Get ready for the most wonderful time of the year with the best NYC events in December. This season's highlights include, well, you already know what they are. But you’ll only find out how to get Radio City Christmas Spectacular tickets and where to see The Nutcracker Ballet in NYC here! Looking for something less festive? Check out terrific art shows and Christmas concerts in NYC.
RECOMMENDED: Full NYC events calendar for 2016
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Featured NYC events in December 2016
Not only is there free ice-skating on Bryant Park’s 17,000-square-foot outdoor rink (bring your own skates!), but also 128 holiday shops, including a bunch of new kiosks and eateries such as Marty V’s Burger and Super Mac + Cheez. And after you shop and skate, warm up at spacious rinkside restaurant Celsius. FYI: The vendors are only there until Jan 3, but If you want to practice your lutzes and axels with ample spinning room, try visiting during off-peak hours (open through March 6).
The Radio City Christmas Spectacular celebrates its 88th year of precision dancing and high kicks this holiday season. Along with George Balanchine’s The Nutcracker from the New York City Ballet, the Spectacular has become one of NYC’s most hallowed holiday traditions, drawing tourists and locals alike. Unlike The Nutcracker, however, there’s nothing highbrow about Radio City Music Hall’s pageant of glitz. It celebrates classic holiday values—peace! Love! Consumer confidence!—by deploying a flying Santa, a massive LED screen, and the sea of legs known as the Rockettes, all kicking in fabulous unison.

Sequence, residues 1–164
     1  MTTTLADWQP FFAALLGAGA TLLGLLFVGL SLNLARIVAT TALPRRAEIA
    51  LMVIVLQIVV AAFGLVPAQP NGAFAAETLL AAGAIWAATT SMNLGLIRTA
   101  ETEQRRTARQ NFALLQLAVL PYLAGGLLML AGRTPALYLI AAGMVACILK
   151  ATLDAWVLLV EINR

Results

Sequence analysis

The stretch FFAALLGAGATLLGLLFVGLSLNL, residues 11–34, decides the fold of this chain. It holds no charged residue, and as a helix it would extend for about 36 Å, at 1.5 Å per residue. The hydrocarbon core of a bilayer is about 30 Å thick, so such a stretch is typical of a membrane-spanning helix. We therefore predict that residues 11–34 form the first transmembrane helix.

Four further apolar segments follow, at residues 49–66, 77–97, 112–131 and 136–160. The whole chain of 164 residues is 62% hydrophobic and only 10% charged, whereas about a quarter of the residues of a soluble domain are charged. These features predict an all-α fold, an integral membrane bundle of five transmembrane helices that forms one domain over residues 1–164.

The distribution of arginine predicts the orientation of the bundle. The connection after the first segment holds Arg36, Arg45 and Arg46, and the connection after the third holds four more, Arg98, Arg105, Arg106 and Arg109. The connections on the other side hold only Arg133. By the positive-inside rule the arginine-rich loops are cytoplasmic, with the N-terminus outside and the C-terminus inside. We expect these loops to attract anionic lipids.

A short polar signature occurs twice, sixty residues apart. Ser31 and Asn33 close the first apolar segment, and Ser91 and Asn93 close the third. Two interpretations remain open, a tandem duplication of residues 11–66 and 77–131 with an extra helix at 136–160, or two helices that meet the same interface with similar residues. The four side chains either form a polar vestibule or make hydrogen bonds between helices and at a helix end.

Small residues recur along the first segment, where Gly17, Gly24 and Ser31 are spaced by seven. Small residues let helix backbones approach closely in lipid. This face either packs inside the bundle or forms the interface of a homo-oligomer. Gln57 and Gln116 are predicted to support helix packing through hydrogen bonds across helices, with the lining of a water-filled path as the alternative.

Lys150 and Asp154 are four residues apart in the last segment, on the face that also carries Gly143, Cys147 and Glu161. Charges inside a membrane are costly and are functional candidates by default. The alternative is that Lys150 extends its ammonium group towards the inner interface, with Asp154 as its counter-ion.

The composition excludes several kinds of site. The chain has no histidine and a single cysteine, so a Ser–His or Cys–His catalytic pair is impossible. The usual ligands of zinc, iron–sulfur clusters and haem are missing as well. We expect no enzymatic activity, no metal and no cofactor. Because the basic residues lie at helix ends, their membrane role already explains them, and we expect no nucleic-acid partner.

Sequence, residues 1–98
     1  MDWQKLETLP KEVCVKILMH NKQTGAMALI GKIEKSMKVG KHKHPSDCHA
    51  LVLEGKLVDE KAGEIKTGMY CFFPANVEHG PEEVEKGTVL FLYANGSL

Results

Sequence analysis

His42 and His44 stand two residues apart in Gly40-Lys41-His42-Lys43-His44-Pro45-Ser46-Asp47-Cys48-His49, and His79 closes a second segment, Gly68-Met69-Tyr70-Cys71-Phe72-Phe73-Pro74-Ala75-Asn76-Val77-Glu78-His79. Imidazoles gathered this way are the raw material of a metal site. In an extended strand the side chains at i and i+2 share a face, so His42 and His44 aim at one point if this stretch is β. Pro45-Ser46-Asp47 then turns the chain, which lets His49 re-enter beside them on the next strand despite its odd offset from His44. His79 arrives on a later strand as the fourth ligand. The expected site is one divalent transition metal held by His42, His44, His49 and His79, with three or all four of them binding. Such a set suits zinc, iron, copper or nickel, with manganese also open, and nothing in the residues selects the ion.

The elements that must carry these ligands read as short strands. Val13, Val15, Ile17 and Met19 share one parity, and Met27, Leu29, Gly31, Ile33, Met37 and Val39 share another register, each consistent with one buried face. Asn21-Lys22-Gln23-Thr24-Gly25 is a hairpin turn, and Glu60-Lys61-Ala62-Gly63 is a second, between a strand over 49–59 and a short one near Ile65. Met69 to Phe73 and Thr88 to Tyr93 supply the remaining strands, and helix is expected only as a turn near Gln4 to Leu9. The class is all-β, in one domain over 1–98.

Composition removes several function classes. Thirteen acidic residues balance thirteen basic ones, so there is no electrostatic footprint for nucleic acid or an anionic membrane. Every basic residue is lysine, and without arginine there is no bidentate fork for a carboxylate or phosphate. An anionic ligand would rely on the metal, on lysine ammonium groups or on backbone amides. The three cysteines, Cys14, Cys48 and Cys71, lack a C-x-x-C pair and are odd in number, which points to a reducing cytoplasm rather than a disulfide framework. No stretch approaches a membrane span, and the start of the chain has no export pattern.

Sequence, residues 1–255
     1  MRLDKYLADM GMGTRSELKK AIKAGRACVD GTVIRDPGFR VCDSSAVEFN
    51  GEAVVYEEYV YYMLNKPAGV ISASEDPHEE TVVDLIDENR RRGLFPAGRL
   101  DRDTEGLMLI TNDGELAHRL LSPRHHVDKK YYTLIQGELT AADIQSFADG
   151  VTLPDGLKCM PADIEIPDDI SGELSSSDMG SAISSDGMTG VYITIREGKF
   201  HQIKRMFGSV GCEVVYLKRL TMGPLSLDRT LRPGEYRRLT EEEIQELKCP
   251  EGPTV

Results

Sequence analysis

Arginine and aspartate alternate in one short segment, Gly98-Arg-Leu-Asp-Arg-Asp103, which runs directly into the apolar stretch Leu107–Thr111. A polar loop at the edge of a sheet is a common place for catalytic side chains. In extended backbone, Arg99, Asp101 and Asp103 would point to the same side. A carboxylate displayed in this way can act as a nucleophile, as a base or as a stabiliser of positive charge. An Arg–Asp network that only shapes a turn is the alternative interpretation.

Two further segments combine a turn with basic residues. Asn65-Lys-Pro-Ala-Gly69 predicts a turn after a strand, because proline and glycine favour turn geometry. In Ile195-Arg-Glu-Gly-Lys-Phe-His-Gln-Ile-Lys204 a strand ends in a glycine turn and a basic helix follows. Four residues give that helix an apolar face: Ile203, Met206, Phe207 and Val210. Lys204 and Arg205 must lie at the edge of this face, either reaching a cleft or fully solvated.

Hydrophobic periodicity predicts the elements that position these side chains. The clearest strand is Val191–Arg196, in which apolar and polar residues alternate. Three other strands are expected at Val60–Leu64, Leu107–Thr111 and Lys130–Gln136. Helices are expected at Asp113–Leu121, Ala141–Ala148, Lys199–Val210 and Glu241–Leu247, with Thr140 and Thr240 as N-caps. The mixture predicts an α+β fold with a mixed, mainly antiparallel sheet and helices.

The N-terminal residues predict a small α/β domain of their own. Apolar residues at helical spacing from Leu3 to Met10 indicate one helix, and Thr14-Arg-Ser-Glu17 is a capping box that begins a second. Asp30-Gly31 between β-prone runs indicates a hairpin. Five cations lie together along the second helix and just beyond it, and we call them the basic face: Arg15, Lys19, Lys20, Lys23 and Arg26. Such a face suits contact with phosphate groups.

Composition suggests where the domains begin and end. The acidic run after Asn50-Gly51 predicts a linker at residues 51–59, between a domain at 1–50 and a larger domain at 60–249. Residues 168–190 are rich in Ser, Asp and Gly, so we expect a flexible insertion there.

Lost in New York? Every Christmas, thousands of New Yorkers (and tourists) find their way to the bright and brilliant nexus of town, the Rockefeller Center Christmas Tree. Whether you’re stopping by the tree for ice-skating, the Radio City Christmas Spectacular, or to see the Lighting Ceremony, you’re certain to feel the magic when you witness the wonder of the 78-foot, 10-ton Norway Spruce illuminated in over 45,000 LED lights.
It’s the most wonderful time of the year—and by “it” we mean Christmas. New York lights up into a winter wonderland each year with Christmas trees, holiday window displays and Christmas lights. Even the most tourist-averse New Yorkers have to admit that it’s a pretty spectacular sight. Get the most out of the holidays with our guide to the best holiday sales and holiday gift ideas, Christmas movies to watch with the family and plenty of festive things to do including Bryant Park ice skating, the Radio City Christmas Spectacular and more.